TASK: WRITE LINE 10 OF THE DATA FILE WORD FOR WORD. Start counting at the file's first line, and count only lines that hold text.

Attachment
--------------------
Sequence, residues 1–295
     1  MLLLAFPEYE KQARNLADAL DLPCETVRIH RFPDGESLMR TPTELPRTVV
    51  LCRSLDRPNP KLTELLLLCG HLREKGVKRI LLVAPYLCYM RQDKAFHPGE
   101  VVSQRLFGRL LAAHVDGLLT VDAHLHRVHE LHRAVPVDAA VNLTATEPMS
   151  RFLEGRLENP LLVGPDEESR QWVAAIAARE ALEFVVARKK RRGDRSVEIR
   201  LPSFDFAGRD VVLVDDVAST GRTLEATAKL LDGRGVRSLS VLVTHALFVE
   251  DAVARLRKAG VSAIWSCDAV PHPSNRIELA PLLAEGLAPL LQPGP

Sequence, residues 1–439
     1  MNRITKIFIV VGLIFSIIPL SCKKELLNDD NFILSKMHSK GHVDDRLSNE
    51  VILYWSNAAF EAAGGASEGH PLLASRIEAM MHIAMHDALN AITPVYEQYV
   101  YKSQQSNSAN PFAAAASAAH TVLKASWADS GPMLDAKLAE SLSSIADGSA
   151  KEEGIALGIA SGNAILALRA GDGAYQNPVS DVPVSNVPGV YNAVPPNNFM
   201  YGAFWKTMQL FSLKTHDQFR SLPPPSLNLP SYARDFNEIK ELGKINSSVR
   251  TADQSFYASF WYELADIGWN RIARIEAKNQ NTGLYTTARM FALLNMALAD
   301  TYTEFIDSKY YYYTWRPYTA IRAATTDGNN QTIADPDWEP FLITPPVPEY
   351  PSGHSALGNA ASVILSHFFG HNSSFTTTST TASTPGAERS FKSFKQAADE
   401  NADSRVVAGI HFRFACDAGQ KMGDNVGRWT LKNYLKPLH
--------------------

    51  VILYWSNAAF EAAGGASEGH PLLASRIEAM MHIAMHDALN AITPVYEQYV